In 2009, Congress passed the Real Estate Investment Trust Act of 2009 in a bid to boost the development of capital markets by introducing a brand new asset class. REITs were expected to boost financial inclusion among the masses with people actually being exposed to and benefit from the soaring prices of real estate. It was also seen to help further improve the country’s infrastructure development.
Ten years after the passage of the law, there are still no REITs in the Philippines. Just this January 2020, the Department of Finance, the Bureau of Internal Revenue, the Securities and Exchange Commission as well as the Philippine Stock Exchange came up with the issued IRR (implementing rules and regulations) to encourage real estate companies to offer REITs. Before tackling the changes created by the new IRR it’s important to first tackle the basics.
What are REITs and how do they work?
Much like mutual funds and stocks, REITs involve the pooling of funds from many different investors. Investing in such a fund would give you units or stocks, which would entitle you to returns in the future. Money invested in the fund is managed by a team of professionals tasked in identifying and investing in income-generating properties such as residential projects, subdivisions, shopping centers, and office complexes.
There are two ways for the REIT to earn. First, is by means of capital appreciation or when the value of the invested property increases. Second, is by way of rentals. The management team would be the one tasked with looking for leasees. Income generated by REITs are then given back to shareholders as a return on their capital.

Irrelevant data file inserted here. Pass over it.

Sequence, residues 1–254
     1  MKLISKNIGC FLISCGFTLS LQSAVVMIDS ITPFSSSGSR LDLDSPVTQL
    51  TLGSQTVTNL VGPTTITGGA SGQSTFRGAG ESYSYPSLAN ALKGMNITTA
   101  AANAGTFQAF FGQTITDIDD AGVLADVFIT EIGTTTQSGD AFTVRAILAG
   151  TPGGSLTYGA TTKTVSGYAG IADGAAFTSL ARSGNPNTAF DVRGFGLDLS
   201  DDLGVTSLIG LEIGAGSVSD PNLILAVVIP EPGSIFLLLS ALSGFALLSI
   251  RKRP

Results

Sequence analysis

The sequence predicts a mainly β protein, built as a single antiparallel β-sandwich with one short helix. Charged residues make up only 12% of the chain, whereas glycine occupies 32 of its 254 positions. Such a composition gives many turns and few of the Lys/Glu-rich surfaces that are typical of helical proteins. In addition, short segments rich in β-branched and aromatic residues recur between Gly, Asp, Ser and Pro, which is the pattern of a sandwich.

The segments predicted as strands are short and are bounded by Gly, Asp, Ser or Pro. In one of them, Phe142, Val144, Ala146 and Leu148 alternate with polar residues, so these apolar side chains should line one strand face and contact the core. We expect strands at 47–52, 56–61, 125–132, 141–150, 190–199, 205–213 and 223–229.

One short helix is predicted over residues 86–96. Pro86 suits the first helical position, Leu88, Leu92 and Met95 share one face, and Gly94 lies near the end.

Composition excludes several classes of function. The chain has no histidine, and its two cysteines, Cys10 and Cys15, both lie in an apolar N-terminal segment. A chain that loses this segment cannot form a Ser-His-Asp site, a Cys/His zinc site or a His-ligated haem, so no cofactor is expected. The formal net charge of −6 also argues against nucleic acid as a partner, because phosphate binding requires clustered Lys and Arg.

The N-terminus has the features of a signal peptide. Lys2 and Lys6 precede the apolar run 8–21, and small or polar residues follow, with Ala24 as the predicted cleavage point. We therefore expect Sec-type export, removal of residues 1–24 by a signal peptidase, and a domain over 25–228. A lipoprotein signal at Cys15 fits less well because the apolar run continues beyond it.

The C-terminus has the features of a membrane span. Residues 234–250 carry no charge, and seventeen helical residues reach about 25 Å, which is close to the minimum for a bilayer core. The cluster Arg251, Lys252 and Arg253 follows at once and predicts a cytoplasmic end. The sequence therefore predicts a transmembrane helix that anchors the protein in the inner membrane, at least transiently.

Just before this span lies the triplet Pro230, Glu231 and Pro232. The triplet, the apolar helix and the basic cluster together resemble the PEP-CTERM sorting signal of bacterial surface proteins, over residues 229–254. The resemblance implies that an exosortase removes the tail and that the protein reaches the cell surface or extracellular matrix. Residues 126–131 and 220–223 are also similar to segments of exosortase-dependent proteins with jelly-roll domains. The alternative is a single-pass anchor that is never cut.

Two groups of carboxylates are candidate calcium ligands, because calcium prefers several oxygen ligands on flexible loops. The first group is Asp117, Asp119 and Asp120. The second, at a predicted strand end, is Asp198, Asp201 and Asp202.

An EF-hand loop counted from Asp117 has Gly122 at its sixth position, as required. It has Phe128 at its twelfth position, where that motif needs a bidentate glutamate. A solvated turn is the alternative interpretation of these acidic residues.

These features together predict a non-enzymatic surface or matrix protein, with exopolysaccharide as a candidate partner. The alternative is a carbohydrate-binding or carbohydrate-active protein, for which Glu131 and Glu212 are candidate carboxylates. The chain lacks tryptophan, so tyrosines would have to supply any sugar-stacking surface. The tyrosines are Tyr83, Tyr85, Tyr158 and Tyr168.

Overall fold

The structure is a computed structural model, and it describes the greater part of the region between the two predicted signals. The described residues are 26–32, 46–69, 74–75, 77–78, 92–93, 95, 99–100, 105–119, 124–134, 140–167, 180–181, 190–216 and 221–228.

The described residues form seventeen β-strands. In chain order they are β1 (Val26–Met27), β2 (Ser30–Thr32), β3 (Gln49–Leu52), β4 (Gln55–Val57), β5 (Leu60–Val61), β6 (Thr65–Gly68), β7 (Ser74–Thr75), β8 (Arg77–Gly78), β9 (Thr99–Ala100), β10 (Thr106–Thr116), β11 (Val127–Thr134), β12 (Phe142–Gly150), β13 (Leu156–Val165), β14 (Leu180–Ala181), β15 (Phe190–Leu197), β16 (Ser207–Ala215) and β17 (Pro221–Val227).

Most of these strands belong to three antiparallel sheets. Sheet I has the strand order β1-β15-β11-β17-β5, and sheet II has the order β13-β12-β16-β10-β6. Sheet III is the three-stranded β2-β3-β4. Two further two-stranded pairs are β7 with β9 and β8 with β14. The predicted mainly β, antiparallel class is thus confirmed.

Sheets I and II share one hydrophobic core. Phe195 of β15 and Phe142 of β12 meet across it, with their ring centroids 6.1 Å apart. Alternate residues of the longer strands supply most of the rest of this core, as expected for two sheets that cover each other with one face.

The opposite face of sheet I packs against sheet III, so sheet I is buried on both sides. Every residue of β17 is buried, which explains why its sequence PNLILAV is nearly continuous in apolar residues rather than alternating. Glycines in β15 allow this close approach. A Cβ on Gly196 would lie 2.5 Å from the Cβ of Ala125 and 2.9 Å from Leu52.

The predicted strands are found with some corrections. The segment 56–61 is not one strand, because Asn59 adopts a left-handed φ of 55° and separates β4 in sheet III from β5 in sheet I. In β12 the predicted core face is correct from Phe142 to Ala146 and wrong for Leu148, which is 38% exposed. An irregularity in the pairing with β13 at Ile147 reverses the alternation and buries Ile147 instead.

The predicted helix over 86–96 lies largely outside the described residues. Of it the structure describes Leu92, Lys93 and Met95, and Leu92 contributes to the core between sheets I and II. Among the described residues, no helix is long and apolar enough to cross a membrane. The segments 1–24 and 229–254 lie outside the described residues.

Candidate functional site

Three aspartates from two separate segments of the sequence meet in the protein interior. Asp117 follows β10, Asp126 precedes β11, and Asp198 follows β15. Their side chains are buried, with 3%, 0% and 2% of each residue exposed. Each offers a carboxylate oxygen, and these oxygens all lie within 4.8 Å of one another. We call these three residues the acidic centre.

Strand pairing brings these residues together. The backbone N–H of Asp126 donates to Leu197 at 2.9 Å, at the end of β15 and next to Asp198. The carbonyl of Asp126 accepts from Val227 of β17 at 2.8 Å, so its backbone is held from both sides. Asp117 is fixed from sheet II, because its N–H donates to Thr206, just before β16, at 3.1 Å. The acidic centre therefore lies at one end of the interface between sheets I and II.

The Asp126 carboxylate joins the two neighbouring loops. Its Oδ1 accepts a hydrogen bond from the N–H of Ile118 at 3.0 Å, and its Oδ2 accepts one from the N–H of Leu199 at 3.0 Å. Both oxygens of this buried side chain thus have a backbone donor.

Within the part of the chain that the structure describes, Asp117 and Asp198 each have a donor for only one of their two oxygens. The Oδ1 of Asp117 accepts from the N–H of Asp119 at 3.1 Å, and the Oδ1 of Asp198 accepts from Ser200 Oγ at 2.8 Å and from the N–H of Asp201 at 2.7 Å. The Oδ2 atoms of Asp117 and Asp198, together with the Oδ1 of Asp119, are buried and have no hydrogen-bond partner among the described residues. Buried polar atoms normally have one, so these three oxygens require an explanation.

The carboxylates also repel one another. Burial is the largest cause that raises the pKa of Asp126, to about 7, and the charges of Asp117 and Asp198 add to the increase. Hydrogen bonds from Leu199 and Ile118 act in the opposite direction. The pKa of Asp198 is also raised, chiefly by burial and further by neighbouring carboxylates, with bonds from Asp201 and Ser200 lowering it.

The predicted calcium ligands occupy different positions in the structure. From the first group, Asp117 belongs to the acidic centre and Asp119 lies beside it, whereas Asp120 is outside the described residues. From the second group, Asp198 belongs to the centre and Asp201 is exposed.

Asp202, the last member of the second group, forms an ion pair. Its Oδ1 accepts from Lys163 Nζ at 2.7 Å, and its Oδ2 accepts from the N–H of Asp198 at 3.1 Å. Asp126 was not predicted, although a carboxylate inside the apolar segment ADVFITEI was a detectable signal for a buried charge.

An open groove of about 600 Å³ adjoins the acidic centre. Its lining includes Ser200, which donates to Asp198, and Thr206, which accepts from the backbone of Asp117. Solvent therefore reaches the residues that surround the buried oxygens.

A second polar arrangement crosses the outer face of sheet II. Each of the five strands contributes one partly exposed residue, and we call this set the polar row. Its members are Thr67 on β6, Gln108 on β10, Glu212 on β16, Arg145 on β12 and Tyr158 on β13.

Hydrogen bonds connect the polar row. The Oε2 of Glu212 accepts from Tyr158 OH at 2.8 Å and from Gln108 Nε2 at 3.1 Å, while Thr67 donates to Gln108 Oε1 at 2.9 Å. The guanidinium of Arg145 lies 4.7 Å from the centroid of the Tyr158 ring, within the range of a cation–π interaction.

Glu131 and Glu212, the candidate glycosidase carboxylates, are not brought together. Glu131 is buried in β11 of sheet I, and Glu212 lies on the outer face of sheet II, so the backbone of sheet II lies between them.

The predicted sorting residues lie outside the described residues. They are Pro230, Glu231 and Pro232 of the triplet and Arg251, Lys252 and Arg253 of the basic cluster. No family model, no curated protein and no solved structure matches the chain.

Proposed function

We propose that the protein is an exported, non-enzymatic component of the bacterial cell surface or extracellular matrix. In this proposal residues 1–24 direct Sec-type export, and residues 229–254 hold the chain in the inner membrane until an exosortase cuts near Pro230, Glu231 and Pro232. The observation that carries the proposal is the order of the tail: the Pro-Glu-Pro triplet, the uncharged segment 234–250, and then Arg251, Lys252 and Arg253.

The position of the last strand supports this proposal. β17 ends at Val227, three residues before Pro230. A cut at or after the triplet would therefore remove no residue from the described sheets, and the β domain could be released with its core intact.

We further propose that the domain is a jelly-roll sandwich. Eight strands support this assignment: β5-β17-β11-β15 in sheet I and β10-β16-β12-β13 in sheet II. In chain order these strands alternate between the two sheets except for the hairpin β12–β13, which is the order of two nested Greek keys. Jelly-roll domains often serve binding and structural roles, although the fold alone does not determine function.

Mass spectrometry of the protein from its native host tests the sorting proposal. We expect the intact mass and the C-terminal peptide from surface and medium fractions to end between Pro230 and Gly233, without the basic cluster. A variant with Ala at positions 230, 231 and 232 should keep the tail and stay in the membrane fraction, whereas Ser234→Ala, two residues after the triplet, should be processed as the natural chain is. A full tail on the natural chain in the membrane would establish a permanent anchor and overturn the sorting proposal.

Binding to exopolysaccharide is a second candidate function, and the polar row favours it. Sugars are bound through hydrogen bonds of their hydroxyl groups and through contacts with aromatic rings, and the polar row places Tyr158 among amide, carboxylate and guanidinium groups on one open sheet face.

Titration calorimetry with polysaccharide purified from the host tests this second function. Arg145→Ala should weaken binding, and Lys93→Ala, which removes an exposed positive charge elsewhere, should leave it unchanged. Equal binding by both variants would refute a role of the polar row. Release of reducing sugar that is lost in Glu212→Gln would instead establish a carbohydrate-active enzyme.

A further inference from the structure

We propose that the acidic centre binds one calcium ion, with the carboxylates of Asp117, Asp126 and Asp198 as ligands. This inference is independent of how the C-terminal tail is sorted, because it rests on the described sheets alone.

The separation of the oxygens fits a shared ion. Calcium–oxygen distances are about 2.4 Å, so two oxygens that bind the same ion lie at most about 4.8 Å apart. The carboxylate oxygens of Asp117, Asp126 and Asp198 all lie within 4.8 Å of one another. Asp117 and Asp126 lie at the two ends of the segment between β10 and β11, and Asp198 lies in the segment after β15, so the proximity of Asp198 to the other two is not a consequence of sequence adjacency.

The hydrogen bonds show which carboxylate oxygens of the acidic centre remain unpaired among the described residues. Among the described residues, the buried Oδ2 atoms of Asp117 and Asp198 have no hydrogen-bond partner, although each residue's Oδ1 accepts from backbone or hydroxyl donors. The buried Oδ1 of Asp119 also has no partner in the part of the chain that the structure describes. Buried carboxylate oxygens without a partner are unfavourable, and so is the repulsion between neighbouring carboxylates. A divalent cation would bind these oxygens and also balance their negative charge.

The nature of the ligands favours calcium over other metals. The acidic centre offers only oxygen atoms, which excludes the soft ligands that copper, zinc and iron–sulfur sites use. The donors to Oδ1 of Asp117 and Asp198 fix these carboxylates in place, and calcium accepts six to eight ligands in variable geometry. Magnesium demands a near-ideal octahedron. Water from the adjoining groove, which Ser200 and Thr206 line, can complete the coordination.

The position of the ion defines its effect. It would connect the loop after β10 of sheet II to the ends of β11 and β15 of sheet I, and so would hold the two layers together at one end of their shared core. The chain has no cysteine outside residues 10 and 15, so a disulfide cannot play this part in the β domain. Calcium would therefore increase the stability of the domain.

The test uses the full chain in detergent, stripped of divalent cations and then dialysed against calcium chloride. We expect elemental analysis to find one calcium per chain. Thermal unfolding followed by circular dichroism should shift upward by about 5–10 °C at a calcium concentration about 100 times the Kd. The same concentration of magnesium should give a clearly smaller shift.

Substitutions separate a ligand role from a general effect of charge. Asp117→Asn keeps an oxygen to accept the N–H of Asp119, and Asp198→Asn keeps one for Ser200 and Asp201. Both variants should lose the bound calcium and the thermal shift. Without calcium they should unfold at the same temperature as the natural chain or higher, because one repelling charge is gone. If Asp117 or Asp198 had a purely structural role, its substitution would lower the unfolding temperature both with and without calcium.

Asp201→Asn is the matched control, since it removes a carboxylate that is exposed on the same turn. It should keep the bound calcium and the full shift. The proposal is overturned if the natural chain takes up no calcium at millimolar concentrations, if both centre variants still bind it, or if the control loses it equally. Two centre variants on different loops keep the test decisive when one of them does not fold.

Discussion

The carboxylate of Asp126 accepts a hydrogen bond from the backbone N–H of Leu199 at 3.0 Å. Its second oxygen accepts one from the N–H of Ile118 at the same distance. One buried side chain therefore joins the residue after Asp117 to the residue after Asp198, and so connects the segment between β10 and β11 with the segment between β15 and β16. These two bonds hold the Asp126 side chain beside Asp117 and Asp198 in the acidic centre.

Advantages of Investing In REITs
Oftentimes, potential investors would ask why they should invest in REITs instead of actually owning a real estate property and leasing it out instead as you need not pay the trust management fee.
Owning real estate has a lot of disadvantages. You need to complete a lot of paperwork before the title is actually transferred in your name.
Likewise, buying a real estate property requires a lot of capital most of which a lot of people do not have. REITs break down the gigantic cost by dividing it among several people in such a way that it becomes more accessible and affordable. Common people can now stand to also benefit from surges in real estate prices and the booming property market.
REITs are also professionally managed, meaning that all you have to do is shell out capital and wait for the company to declare dividends. You no longer have to do all the administrative matters such as finding lessors, negotiating lease contracts, and collecting rent. All these are taken care of by the REIT issuer.
They also offer a steady stream of income to investors as their main source of revenue comes from rentals. Lease contracts tend to be long term in nature and are not as susceptible to fluctuations brought about by economic events. REITs are mandated by law to give out a certain percentage of their income yearly as compared to stocks wherein dividends are only declared whenever its board of directors deem it fit.